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作者 Hoover, Marcia H
書名 The relationship between stress and symptomatology of multiple sclerosis moderated by perceived marital support
國際標準書號 9780542052415
book jacket
說明 105 p
附註 Source: Dissertation Abstracts International, Volume: 66-03, Section: B, page: 1776
Chair: Margaret Diddams
Thesis (Ph.D.)--Seattle Pacific University, 2004
Multiple Sclerosis (MS) has been shown to negatively impact the marital relationship (Hammond, McLeod, Macaskill & English, 1996; Mohr et a1., 1999). Yet, while social support through a marital relationship has been found to be a protective factor in living with MS (Pakenham, 1999; Wineman, 1993) marital support within the MS population has received little attention in research. The purpose of this study is to examine the moderating effect of perceived marital support on the relationship between stress and symptomatology of MS patients
Four hundred married and unmarried patients were randomly selected from a patient list of a neurologist who specializes in MS at a medical center in Seattle, Washington. Two hundred participants completed questionnaires that included the following measures; Modified Perceived Stress Scale (Cohen, Kamarack, & Mermelstein, 1983) Beck Depression Inventory Fast Screen for Medical Patients (Beck, Steer, & Brown, 1996), Modified Perceived Social Provision Profile (Cutrona & Russell. 1987), and Social Network Assessment Profile - Short version (Brown, 1985). In addition, MS symptom rates were determined for each participant using the Expanded Disability Status Scale (Kurtzke, 1983). Regression analyses found significant relationships in two out of seven hypotheses; first, that marital status moderates the relationship between stress and symptomatology such that there is less of a negative relationship between stress levels and symptomatology, controlling for time since diagnosis. Second, a regression analysis found that higher levels of perceived marital support were significantly related to stress in a negative direction, controlling for social network size outside of marriage. In addition, an unexpected but significant interaction was found; the higher the symptomatology, the lower the stress level, when controlling for depression and length of time since diagnosis. These findings indicate that marriage can be a benefit within the MS population, particularly on patients' stress levels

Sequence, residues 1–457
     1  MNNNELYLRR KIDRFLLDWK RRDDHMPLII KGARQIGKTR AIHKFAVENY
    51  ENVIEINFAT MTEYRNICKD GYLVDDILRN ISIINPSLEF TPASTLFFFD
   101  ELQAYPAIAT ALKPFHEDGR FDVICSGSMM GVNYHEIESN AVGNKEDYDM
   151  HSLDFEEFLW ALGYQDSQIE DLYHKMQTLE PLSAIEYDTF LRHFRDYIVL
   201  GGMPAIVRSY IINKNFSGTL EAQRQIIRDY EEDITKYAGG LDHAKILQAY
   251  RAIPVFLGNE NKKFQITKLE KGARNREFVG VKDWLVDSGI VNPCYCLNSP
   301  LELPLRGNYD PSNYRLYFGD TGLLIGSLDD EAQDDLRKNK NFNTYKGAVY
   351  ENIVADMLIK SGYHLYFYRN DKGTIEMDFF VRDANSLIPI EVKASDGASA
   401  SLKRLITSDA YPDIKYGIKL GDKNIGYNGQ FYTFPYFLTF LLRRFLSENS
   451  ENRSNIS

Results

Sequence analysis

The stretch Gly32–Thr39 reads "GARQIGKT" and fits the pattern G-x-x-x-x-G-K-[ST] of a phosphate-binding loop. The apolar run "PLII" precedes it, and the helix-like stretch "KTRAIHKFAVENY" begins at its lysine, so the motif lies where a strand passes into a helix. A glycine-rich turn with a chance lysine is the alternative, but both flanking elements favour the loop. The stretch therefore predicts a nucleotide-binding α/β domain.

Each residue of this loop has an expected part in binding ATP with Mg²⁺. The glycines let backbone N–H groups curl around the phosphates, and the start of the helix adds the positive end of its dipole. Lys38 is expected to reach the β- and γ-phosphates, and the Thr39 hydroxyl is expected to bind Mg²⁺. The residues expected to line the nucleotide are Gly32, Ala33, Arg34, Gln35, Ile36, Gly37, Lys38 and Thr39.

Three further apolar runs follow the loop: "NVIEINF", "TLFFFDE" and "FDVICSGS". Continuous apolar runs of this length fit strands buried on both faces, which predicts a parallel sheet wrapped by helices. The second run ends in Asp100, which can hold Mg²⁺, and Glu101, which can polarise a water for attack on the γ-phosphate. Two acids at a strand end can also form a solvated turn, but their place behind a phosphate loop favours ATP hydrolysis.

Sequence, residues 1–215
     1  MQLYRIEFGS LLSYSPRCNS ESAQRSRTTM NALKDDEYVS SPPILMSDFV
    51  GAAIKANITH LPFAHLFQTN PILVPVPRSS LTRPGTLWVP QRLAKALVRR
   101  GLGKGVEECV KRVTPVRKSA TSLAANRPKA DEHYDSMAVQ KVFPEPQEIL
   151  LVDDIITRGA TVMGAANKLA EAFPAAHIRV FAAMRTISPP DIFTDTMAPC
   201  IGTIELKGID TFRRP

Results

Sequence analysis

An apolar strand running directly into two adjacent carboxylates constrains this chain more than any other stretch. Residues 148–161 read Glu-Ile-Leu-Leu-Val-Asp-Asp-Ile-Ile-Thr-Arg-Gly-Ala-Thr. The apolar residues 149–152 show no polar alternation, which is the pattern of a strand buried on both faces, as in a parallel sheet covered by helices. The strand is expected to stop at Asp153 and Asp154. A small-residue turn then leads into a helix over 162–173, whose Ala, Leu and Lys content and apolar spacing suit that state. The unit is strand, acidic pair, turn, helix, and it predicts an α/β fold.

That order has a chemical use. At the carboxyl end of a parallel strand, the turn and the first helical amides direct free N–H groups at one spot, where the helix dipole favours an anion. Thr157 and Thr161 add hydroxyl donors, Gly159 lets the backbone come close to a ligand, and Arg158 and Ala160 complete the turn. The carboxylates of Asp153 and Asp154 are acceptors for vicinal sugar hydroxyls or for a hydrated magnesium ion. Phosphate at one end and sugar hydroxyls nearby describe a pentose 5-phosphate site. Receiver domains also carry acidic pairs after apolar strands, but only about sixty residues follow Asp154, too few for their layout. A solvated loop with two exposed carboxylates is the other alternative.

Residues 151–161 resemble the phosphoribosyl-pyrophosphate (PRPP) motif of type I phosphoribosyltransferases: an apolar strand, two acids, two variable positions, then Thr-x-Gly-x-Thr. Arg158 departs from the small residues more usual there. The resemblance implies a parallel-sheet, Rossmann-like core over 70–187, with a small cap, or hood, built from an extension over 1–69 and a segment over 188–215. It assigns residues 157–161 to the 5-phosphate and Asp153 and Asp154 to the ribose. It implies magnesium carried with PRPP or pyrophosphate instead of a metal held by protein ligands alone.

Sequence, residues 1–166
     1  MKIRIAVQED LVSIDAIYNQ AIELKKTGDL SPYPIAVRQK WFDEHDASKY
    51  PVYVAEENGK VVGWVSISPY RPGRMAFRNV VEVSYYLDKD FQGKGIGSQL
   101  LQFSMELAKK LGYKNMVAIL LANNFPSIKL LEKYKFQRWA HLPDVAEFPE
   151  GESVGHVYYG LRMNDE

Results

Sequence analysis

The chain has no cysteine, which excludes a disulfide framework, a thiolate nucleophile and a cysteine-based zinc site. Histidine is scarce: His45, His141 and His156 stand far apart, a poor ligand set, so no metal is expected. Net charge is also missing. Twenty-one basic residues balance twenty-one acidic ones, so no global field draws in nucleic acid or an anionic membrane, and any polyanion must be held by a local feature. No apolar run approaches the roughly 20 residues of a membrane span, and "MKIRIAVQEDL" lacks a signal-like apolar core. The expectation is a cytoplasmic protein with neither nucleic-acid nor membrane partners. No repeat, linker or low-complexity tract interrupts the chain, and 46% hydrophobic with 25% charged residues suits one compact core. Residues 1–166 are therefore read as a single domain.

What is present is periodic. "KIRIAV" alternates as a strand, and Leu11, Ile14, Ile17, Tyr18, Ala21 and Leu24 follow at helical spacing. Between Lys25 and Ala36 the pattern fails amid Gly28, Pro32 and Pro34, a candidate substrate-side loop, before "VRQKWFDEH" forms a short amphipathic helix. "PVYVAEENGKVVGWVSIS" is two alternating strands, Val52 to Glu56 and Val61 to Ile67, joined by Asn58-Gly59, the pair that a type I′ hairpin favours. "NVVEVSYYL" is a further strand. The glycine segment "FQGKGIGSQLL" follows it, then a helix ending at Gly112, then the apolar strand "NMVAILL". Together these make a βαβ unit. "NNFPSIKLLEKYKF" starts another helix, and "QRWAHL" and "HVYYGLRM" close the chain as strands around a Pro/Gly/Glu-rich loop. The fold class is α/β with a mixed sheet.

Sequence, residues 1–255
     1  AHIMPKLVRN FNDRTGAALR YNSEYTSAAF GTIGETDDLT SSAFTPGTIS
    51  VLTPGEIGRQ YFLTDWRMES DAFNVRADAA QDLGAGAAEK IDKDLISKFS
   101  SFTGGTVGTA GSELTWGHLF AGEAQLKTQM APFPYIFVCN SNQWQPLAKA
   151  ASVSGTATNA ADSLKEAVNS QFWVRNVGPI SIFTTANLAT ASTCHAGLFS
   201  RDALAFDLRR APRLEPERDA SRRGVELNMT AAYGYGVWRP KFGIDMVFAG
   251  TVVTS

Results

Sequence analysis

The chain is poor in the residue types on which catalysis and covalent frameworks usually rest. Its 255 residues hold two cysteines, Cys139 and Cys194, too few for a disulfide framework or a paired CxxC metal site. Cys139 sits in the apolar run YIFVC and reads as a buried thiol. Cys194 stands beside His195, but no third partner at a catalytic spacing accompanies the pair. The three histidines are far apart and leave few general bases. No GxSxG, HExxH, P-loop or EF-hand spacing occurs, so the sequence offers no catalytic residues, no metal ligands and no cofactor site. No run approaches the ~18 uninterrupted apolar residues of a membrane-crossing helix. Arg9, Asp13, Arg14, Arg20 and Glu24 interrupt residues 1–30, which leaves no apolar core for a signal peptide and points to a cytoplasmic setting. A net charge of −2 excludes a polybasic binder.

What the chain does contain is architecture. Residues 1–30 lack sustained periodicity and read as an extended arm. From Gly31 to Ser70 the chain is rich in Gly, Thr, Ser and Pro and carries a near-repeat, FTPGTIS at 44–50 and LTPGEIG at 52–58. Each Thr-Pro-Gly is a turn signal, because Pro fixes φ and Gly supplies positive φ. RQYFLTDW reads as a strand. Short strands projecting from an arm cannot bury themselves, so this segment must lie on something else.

School code: 1043
Host Item Dissertation Abstracts International 66-03B
主題 Psychology, Social
Psychology, Clinical
Psychology, Physiological
Alt Author Seattle Pacific University
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